UW Aquatic & Fishery Sciences Quantitative Seminar
Fisheries Economics Research Unit Fisheries Centre
University of British Columbia
Estimation of Spatial Fisheries Values of the North Pacific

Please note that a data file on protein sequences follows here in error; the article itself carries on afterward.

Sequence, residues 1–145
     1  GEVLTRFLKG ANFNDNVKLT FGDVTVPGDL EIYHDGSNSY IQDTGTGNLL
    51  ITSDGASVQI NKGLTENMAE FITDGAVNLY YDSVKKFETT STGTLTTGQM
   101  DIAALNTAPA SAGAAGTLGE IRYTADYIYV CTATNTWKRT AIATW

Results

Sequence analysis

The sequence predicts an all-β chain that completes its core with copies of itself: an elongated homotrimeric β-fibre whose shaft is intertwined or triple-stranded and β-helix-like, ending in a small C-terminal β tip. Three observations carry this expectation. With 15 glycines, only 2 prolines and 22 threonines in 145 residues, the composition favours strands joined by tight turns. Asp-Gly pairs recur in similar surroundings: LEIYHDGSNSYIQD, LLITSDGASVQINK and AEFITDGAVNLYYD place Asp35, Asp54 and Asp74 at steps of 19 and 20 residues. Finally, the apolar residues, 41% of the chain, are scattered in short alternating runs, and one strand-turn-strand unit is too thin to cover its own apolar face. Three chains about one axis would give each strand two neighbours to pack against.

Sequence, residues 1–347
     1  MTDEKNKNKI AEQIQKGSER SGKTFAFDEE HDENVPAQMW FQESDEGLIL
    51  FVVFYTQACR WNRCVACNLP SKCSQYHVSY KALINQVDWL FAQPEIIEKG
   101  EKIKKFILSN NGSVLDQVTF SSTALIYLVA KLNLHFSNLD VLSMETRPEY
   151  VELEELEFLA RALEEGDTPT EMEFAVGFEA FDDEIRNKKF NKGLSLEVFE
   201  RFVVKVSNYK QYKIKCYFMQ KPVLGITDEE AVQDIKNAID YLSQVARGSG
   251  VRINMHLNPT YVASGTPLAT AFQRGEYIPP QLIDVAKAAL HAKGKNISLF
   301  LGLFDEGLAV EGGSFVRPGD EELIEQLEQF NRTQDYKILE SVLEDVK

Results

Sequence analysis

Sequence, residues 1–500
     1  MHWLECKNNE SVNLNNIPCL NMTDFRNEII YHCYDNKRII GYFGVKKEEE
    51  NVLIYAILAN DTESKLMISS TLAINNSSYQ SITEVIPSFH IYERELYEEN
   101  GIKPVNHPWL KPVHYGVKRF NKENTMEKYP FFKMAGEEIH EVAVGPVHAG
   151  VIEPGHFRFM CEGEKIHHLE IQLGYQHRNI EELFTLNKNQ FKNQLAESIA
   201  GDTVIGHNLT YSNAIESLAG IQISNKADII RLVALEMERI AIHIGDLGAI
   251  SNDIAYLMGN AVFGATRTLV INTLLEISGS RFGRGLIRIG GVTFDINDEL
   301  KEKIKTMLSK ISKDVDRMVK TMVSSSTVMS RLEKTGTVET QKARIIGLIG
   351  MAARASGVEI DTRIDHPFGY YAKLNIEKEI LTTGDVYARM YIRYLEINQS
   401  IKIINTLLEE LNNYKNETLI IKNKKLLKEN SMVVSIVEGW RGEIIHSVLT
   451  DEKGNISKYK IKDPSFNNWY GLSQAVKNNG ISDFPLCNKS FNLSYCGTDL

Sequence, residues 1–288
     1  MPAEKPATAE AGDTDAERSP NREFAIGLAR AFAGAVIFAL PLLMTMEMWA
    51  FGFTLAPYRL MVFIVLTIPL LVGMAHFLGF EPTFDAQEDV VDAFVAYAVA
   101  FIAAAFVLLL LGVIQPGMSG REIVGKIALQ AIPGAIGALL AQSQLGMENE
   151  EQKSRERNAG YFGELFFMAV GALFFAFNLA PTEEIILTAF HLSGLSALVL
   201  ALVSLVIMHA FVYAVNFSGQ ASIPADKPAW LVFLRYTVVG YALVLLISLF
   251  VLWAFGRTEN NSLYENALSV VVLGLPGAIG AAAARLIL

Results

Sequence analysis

The spatial allocation of fishing effort is the result of the intricate compounded interests of the managers and fishers. While insuring future economic benefits from fishery resources, the managers set spatial restrictions (or regulations) on effort to achieve the conservation of the fish stock and other marine biota. Fishers have two economic concerns with respect to decision making in fishing effort allocation: productivity, and the cost of harvesting activities. The decisions of both managers and fishers require spatial information on the potential value of fisheries. This study develops spatial and temporal estimation of value of the groundfish fisheries in the Gulf of Alaska by two-stage estimation of discrete (location choice) and continuous (catch per effort) models. I will present the motivation for this project as well as an overview of our approach and preliminary results.